resumed their downward trajectory, as there continue to be very few weather
worries for the South American crop.
"Heavy rains across Entre Rios in Argentina and Rio Grande do
Sul in Brazil this past week increased wetness concerns a bit for corn and
soybeans, but limited showers there through next week should allow wetness to
ease," said Mr Keeney.
"Showers are still on tap to build across central and northwestern
Brazil which will improve moisture a bit for safrinha corn but will slow soybean
harvesting and safrinha corn planting a bit," he said. "No major issues are
"Limited showers across most of Argentina will favour corn and
soybeans as the crops reach maturity," Mr Keeney said.
"The soybean complex continues to reject rallies, but it
continues to be squeezed into a narrow range," said Darrell Holaday, at country
"The lack weather concerns is the primary factor that keeps
the soybeans and corn markets on the defensive and has really minimized rallies
this week," Mr Holaday said.
May soybean futures finished down 0.1%, at 10.00 ¼ a bushel.
Corn markets were
similarly moribund for most of the session, but uncovered a rash of late
buying, which allowed the front-month contract to finish above the 100-day
May corn futures finished up 0.5%, at $4.67 ½ a bushel.
US Plains dryness
still a concern
The long-term weather outlook in the US Plains is staying a touch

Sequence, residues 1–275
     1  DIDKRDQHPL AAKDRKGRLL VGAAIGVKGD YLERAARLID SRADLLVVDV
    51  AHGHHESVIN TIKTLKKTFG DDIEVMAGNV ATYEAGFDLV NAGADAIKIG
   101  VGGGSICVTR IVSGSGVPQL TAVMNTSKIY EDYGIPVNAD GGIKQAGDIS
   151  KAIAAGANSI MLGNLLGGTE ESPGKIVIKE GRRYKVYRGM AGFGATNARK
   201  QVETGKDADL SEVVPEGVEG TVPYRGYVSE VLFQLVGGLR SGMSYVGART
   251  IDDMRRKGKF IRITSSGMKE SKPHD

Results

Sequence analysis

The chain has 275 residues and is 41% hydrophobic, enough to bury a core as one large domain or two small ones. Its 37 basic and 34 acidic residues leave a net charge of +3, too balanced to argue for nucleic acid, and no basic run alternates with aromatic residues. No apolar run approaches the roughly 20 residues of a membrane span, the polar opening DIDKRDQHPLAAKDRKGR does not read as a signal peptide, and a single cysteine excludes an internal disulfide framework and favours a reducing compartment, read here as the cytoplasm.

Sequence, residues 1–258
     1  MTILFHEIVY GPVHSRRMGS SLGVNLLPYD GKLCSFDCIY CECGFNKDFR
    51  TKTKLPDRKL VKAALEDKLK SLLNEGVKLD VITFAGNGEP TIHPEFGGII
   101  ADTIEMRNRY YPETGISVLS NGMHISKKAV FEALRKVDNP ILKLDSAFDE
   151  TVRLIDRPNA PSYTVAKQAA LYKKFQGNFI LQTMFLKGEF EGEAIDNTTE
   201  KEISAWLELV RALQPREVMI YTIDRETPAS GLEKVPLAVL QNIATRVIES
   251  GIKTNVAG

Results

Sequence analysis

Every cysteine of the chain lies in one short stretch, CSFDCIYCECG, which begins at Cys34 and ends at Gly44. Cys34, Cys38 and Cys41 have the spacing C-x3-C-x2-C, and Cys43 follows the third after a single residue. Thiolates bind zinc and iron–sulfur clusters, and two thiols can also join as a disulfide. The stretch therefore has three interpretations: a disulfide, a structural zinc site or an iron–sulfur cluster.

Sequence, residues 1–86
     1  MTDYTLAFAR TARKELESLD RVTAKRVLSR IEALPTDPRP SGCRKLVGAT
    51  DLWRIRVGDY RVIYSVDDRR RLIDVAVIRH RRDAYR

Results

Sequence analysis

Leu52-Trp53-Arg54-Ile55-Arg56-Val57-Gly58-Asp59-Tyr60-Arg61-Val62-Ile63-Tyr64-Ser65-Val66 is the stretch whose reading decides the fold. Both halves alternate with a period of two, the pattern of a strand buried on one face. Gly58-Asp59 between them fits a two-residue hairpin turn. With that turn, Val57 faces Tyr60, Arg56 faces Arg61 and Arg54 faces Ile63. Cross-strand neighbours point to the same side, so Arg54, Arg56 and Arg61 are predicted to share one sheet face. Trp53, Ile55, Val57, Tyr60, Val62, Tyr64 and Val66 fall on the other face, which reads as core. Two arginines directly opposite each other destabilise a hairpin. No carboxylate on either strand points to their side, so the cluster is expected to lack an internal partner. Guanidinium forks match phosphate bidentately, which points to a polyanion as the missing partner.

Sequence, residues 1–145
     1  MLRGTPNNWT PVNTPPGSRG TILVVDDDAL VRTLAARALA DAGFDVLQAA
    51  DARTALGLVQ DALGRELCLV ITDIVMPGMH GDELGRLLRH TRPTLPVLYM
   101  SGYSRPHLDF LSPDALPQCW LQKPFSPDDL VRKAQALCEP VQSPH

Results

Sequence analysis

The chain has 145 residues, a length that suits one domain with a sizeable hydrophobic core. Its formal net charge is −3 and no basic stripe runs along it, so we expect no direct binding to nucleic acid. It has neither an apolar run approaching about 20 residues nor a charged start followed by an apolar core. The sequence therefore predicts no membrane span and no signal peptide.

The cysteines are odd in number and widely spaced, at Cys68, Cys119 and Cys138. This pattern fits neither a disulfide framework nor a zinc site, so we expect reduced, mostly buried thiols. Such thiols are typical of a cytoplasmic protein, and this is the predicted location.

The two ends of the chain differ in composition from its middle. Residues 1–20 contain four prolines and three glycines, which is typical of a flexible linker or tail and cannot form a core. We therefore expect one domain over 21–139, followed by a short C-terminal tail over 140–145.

too dry, threatening wheat in that region.
"Continued drier weather in the central and southern Plains
will maintain significant dryness, and moisture will decline in the Pacific
Northwest as well," said Don Keeney, at MDA Weather Services.
"Moisture will also decline in the northern Plains and
eastern Prairies," Mr Keeney said.
This is supporting hard red winter wheat prices in Kansas
May Kansas City wheat futures finished up 0.8%, at $4.53 ¾ a
May Chicago wheat futures finished up 0.1% on the day, after
failing to break the 100-day moving average, at $4.36 ½ a bushel.
Cotton futures edge
China saw another disappointed uptake at its latest cotton auction, with some 67% of product
"Flagging Chinese mill demand for state cotton remains
another point of interest for the market," said Tobin Gorey, at Commonwealth
Bank of Australia.
But it is as yet unclear if that lack of interest indicates
slow demand, or the fact that Chinese stocks are of low quality, and therefore
less attractive than imports.
May cotton futures finished up 0.2%, at 78.36 cents a
Sugar shoots down,
before bargain buyers step in
Raw sugar saw a roller-coaster
session, first plummeting through a band of heavy support around the 18 cent
mark, which drove frantic selling.
At one point May sugar futures reached a low of 17.50 cents
a pound, down 4.1% on the day at a nine-week low.
But the market trimmed losses, as a surge of bargain buying
sent prices bouncing back.
"It seems in the short term it seems we have a dichotomy,"
said Tom Kujawa, at Sucden Futures.
Mr Kujawa saw fundamental traders trying to push the market higher, while the
"paranoia/black box/spec driven" trade tried to push lower.
After all the sound a fury, May raw sugar futures settled
right back in their range for the week, down 0.4%, at 18.17 cents a pound.